Wrestling With Pigs

Wrestling with pigs, Emerging from Hell

I’m about to emerge from nine months in hell. I’m not out yet – there’s still work to be done – but I’m at least back in control of this aspect of my destiny.

It was a simple thing, really; all I wanted to do was fix some issues with this blog site design. The original designer tinkered with some code, which made updates impossible and crashes common.

So I was recommended to another fired-up firm who would definitely be able to help me. (I won’t blast them publicly here – that’s not my style. I will gladly steer you clear of disaster upon request. My good friend who recommended me to this firm has also pulled all of his work from this firm for similar – and worse – problems. ‘Nuff said.) (more…)

Birth of an App, Part 7

Birth Of An App

Pictures chosen and edited – check.
Stories written and edited – check.
Categories (finally) decided and named – check.
Music composed and optimized for the iPad – check.
App optimizing and troubleshooting completed – check. (Although there were some pesky crashes on the iPad 1 that needed some serious analysis and work. All stable now, thankfully.) (more…)

Ten years on

Ten years ago this week I walked off a plane from the US into a new era in my life. What started out as a chapter unexpectedly turned into a volume. Life is like that sometimes.

I could not have anticipated, even dreamed of, all the changes in my life that were coming – good and bad, happy and sad, adventurous and boring. But that’s why it’s called a life journey, no?
I’ve learned and grown so much in this time that it’s nearly impossible to put the lessons to words. It’s also hard to comprehend how much more there must be to learn in life if this era is any indication of what’s yet to come.

I won’t list out the world changes that have happened over the decade (a DECADE already!), as even I would be bored with such a list and I’d start sounding like my grandmother… To give you a rough feel, when I embarked on this adventure 9/11 hadn’t occurred and the iPod – much less the iPhone – hadn’t been invented yet. So many changes in such a short time.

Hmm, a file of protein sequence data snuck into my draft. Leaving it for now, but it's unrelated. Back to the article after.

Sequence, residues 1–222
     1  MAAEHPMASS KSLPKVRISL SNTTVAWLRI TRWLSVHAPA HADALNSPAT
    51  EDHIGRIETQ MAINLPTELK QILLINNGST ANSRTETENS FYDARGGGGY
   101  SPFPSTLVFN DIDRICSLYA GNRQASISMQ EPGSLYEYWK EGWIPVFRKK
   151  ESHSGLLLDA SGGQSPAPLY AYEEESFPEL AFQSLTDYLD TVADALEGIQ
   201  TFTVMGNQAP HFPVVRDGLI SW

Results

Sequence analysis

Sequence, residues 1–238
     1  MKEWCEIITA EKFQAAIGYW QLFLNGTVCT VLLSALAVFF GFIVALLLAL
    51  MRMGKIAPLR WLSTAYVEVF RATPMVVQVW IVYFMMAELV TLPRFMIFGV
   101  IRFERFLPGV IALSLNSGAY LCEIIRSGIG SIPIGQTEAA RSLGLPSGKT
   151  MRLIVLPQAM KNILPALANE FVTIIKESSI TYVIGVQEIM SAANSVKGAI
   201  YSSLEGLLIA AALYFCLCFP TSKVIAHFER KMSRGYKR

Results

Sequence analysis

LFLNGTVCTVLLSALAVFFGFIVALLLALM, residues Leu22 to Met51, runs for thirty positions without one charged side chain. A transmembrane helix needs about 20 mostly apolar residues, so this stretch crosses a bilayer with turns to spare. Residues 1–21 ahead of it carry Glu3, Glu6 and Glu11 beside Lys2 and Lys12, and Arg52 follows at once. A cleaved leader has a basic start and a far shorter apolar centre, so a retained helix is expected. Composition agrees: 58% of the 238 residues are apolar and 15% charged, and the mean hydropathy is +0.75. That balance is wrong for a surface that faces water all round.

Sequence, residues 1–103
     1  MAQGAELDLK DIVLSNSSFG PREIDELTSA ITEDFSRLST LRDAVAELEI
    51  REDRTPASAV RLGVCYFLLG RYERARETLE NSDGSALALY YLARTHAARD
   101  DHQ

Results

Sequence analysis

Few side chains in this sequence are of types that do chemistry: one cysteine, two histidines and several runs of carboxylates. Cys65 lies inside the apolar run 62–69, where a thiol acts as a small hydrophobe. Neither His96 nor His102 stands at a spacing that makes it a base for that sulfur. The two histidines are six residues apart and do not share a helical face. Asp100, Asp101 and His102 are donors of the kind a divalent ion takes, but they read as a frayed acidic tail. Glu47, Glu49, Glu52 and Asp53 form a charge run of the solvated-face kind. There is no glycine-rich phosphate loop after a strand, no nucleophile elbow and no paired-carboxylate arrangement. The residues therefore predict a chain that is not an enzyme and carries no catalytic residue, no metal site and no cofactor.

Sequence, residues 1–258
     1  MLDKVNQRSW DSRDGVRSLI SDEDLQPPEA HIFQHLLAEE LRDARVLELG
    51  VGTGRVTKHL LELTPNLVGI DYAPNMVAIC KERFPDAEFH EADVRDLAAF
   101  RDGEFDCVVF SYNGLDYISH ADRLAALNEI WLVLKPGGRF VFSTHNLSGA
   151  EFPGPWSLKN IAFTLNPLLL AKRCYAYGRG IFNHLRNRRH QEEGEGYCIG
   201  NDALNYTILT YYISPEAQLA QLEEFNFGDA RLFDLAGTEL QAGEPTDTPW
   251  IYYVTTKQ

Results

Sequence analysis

These few years have seen the end of one and, through a maze of others, the birth of a new, loving relationship. My first grandchild made his entrance a short two years ago! I’ve gone through another career transition, moving onward and upward. I have again learned the difference between friend and acquaintance – always a tough lesson for me. And that’s just a taste of what’s transpired in my little corner of the world.

My photography has been published a number of times (plus a show) and has taken its right position, moving from serious hobby to the core of my soul – where it was all the time actually, I just had to recognize and embrace it. I’ve finally found how to balance work and creativity, get them to work together and feed each other – and pay the bills, all at the same time. No small feat but oh, so worth it.

It’s been a fascinating decade. We’ve all experienced the past 10 years, each in our own way, full of our unique experiences; the good, the bad, the lovely, the ugly – it’s all ours. I, for one, can’t begin to imagine what the next ten will bring, but I am curious…

 

Right-brained thinking in a left-brained world

I just attended a four-day “Drawing on the Right Side of the Brain” workshop and am exhausted. I never expected to be so fatigued – after all it was a drawing class! I feel like I ran four marathons.

The premise is interesting: that we lose our right-brained view of the world by about the time we become teenagers, once the language skills and quantitative training we receive in school really start to kick in. That’s why most of us (myself clearly included) as adults continue to draw as if we’re in about the fourth grade.

This training was based on the book of the same name, originally written in 1979 and still available as a book as well as a workshop. Interestingly, I purchased this book some three years ago but had not cracked the cover until a week before the class started. I read it as the class I was taking was taught in Hungarian and I wasn’t confident I’d understand all of the subtleties of the lesson, although I did fare rather well!